NASA rover operator Vandi Verma hopes women's high profile in the latest Mars mission will inspire a new generation to pursue careers in a sector traditionally dominated by men.
Verma's colleague Swati Mohan made headlines around the world when she narrated the nail-biting landing of the Perseverance rover on the Red Planet following its perilous descent through the Martian atmosphere.
Verma said to Reuters ahead of International Women's Day on Monday, It's definitely inspired girls everywhere. It's opened people's perceptions of who can be a space engineer.
The space roboticist is operating the Perseverance, the most advanced astrobiology lab ever sent to another world as it roams Mars looking for signs of ancient microbial life.
Verma said, i really think I have one of the coolest jobs in the world. When Mars is visible in the sky you look at that little dot and you think right now there's a robot out there doing commands that I told it to do. That's pretty wild. The latest mission would help answer questions that change what we know about our place in the universe. It was very exciting to see an increasing number of applications from women, adding that diverse teams led to more creative, out of then box thinking. There was a long way to go to encourage more women into the STEM professions science, technology, engineering and mathematics.
Born in India, Verma studied electrical engineering at Punjab Engineering College in Chandigarh before moving to the United States, where she gaining a PhD in robotics from Carnegie Mellon University. When she joined NASA in 2004, female engineers often found themselves the only woman in the room, she said. But things are changing.
British space engineer Vinita Marwaha Madill founder of Rocket Women which aims to inspire women to choose STEM careers, said role models were vital. You can't be what you can't see and astronaut Sally Ride, the first US woman in space. Seeing someone that looks like you allows you to believe that it's possible to achieve your goals. Women like Mohan, the Mars mission's guidance and operations lead will inspire the next generation to reach for the stars.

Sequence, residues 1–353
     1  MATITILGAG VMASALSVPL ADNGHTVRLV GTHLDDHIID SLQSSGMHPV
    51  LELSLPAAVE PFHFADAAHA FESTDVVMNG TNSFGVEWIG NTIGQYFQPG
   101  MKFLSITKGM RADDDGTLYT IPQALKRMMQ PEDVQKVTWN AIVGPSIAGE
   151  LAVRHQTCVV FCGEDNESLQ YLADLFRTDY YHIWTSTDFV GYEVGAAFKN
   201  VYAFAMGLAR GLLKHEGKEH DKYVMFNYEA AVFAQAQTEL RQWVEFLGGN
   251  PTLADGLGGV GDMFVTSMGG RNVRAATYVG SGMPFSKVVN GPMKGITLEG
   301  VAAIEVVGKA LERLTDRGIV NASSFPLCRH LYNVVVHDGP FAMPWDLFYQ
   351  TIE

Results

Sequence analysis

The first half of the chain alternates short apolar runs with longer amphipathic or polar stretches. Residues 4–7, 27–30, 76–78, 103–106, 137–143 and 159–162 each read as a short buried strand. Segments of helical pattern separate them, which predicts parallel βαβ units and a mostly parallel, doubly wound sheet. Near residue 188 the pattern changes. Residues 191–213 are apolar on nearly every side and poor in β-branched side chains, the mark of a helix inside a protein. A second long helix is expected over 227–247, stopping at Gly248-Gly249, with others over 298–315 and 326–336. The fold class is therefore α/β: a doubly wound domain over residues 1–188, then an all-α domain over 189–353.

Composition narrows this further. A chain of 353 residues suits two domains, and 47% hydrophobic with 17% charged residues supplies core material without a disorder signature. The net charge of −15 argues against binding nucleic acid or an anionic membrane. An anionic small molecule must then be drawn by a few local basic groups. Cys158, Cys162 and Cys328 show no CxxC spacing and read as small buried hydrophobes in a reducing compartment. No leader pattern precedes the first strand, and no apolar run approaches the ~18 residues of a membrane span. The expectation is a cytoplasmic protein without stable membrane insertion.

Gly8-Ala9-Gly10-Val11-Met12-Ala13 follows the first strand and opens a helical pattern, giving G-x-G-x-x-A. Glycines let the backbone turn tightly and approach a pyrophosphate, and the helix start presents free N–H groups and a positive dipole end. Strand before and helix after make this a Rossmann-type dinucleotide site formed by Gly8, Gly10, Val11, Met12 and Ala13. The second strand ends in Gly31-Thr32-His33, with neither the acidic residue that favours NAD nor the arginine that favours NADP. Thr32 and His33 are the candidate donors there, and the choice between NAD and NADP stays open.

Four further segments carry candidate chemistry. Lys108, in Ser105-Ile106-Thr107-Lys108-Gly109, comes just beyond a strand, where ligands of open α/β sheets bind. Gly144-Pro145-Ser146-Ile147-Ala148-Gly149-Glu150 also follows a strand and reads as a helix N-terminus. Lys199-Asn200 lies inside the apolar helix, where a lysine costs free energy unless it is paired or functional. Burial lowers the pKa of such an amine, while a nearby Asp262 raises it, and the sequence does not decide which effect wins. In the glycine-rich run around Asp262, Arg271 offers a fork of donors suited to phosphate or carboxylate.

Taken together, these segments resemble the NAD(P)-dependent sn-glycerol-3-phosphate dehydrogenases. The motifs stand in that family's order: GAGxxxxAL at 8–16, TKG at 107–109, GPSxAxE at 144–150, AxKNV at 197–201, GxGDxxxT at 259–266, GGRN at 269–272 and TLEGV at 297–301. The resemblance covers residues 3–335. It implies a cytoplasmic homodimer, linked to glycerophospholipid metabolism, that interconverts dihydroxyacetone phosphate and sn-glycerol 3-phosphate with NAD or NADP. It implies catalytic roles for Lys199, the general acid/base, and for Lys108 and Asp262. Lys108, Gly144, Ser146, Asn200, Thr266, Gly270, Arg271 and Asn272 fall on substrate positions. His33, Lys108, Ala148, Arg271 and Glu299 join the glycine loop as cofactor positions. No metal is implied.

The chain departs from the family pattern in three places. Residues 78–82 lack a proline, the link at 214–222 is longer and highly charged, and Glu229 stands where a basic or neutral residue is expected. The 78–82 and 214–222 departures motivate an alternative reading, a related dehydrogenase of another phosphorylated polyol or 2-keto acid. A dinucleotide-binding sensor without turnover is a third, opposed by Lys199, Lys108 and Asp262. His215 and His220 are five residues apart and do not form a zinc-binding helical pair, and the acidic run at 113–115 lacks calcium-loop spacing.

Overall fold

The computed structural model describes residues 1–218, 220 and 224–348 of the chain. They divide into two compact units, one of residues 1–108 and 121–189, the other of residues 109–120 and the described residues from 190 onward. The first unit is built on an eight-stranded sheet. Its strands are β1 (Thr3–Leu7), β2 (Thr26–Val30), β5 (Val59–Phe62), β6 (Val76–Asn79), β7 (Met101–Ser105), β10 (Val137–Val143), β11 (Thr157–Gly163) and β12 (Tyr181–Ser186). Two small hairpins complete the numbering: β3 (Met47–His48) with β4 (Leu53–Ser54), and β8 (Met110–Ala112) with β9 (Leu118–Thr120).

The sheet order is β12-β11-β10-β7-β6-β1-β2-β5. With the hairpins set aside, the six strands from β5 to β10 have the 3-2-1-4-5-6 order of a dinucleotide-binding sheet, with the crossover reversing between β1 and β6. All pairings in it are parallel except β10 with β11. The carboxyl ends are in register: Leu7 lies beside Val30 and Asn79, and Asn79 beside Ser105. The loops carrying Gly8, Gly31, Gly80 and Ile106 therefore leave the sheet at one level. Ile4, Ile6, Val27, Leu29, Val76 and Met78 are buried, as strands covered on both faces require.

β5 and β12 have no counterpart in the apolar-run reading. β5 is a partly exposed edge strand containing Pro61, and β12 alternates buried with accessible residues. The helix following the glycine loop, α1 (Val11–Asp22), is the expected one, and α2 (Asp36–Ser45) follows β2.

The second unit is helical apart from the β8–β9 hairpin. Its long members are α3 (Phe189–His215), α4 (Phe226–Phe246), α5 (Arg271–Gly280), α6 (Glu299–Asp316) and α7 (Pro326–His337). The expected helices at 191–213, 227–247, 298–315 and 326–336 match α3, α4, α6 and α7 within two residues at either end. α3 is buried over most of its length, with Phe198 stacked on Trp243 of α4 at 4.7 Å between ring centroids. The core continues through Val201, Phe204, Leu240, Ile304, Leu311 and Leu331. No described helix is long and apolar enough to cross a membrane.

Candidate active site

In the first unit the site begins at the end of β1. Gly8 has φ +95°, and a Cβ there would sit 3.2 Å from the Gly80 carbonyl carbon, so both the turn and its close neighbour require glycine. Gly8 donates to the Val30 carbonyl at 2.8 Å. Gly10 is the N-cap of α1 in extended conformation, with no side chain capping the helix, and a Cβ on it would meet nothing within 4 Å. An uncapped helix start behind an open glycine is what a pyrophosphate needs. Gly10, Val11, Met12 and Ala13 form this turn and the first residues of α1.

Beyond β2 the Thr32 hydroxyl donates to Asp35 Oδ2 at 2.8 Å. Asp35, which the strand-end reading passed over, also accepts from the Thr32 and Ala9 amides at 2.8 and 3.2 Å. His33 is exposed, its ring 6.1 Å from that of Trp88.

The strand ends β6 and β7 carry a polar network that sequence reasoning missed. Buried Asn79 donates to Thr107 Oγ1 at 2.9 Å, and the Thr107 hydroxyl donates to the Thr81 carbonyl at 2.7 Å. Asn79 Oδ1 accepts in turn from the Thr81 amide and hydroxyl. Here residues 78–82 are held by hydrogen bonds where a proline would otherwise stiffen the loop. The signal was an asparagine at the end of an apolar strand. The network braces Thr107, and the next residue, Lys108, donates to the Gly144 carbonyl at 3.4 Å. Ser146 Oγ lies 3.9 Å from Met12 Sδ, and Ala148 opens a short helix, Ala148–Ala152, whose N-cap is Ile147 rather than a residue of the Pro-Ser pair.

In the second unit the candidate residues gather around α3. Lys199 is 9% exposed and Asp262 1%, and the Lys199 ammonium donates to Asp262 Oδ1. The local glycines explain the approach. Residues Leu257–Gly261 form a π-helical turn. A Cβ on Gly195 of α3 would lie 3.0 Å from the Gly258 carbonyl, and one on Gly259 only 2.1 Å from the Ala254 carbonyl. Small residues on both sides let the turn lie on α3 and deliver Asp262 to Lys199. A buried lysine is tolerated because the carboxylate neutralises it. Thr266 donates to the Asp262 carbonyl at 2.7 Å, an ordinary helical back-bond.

Marwaha Madill, whose own passion took flight after watching Helen Sharman become the first British astronaut in space in 1991. In Britain, women make up about a quarter of people working in STEM subjects excluding medicine and related fields where women outnumber men, according to WISE, an organization campaigning to increase the number of women in STEM professions.
Marwaha Madill, a project manager at a space exploration and robotics company in Ottawa, Canada, said it was crucial to change stereotypes as many girls decided to move away from science as young as 11 years of age.
NASA which aims to land the first woman on the moon by 2024 is on a mission to boost diversity. Women made up 34% of the workforce in 2019 holding 18 percent of senior scientific posts, about treble the figure for 2009, according to the agency. For engineering, the ratio is even more skewed with women accounting for just over 10 percent of the workforce.